So is Asia in the grip of a bubble or just enjoying a healthy reaction to excessive gloom and doom of the end of last year? That’s a good question that is taxing many both in the region and observing from afar. Frederic Neumann, Senior Asia Economist at HSBC in Hong Kong, is reported in the FT as saying, “If left unaddressed, the current monetary set-up in Asia will ultimately blow a bubble of mind-boggling size, but so far the train has not left the station. He points out that the most spectacular price rises have been limited to pockets such as luxury flats in Hong Kong and the biggest Chinese cities, with increases for more mainstream properties remaining subdued. Even in China and Hong Kong, prices are well below the levels they would need to reach to match previous bubbles.
Nevertheless the article does state that luxury apartment prices in Hong Kong are now 30% above their low point in the fourth quarter of 2008, with prices up 14% just between the second and third quarter this year in some neighborhoods. Likewise in Singapore, prices for private homes rose 15.8% in the third quarter from the second, the first such rise in more than a year. In China, prices are up 37% year-on-year. In fact property prices are rising across Asia but only Australia has taken the step of raising interest rates to cool demand.
Frederic Neumann may be right about Asia in general but in China, Zhang Xin, chief executive of Soho China, one of the country’s most successful privately owned property developers, is reported in a differentÃ‚Â FT article as saying a property bubble was forming and was leading to rampant wasteful investment in the sector, undermining the country’s long-term growth prospects. “Real estate prices should only go up because people want to actually use the space, but at the moment we can see more and more empty buildings across the whole country and in every real estate segment, Ms Zhang said. “The rising prices are a direct result of so much money coming from the banks and the Chinese banks should be very worried. My colleague Lisa wrote about this and posted a video clip about a whole city called Ordos in northern China built over five years but still uninhabited because the properties were too expensive for ordinary people to buy. As Ms. Zhang went on to say, “In Manhattan, they have vacancy rates of 10-15 percent and they feel like the sky is falling, but in Pudong (the central business district in Shanghai) vacancy rates are as high as 50% and they are still building new skyscrapers.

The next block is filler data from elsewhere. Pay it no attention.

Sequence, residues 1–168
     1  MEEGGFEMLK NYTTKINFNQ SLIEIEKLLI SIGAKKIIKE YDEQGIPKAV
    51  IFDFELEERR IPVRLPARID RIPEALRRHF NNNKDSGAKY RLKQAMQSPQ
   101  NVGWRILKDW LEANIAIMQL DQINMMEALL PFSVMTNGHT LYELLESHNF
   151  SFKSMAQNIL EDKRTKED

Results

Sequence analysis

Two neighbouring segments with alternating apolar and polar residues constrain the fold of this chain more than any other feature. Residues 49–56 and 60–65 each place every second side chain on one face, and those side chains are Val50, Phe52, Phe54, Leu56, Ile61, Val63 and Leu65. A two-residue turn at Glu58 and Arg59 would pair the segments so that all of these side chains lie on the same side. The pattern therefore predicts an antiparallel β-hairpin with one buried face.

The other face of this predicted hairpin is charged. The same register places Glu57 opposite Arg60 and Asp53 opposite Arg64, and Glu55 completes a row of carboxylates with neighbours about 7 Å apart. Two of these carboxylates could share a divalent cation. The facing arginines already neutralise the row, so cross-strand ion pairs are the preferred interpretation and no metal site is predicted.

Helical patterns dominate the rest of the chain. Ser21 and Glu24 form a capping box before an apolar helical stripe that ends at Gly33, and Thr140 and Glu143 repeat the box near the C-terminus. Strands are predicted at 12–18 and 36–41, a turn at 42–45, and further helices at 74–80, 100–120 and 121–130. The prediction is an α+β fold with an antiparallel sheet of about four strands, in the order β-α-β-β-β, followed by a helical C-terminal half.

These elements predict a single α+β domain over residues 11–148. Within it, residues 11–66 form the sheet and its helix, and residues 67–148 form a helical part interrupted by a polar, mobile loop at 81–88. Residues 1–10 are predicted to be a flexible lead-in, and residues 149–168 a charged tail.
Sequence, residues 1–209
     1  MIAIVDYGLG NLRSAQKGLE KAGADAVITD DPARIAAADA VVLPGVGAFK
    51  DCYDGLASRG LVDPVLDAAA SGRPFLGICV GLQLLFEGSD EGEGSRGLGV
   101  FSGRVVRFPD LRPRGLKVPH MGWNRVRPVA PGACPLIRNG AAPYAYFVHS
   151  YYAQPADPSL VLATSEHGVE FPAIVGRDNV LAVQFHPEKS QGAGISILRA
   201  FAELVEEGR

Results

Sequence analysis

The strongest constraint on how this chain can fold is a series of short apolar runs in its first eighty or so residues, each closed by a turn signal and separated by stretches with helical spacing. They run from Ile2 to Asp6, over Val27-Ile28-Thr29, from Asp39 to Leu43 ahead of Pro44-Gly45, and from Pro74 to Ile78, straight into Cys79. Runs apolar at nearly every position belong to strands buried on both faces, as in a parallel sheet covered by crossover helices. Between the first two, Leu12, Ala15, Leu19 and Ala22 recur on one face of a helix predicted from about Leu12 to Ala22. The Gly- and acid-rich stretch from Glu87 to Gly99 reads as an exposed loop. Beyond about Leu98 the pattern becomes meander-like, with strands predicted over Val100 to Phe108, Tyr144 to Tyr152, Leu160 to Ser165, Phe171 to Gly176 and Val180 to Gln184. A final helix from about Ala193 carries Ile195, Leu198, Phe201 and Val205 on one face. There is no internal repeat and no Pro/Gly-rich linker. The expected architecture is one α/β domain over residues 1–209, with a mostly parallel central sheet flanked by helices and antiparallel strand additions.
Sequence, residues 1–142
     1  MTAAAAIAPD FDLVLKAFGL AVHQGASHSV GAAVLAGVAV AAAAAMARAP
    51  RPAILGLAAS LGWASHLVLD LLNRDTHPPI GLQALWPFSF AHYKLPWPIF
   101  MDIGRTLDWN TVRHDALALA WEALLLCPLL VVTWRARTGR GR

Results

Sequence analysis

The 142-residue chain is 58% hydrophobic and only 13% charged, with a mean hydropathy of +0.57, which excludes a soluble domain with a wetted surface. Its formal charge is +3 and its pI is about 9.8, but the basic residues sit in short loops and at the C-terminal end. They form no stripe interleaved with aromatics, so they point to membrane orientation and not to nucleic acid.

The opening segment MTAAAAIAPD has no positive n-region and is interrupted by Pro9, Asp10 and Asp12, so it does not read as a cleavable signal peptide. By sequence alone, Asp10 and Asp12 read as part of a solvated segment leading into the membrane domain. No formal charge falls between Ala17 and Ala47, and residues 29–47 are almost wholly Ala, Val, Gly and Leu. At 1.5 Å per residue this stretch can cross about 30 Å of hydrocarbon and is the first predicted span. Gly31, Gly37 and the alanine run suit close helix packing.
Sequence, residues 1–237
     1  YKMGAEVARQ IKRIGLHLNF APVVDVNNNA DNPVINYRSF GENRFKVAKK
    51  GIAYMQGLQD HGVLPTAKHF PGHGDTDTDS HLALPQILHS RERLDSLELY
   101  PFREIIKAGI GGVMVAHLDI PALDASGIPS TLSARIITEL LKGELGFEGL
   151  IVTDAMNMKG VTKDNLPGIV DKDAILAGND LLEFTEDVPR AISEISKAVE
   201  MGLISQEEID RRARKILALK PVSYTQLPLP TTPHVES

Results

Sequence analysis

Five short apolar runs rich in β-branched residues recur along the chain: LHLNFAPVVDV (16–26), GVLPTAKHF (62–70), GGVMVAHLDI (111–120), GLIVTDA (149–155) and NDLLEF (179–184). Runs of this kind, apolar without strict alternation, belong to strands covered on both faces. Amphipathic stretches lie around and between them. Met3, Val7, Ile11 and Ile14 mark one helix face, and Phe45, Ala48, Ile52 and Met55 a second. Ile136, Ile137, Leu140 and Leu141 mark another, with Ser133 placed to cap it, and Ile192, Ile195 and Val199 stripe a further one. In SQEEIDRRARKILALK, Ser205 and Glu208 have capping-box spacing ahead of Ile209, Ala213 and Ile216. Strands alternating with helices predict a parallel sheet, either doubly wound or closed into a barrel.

So is Asia in the grip of a property bubble, may be not Asia as a whole yet, but parts of it are looking worrying and China’s principal dozen cities are looking worrying like property bubbles driven by a government desperate to generate growth in headline GDP but without the leavers to control the allocation of funds efficiently.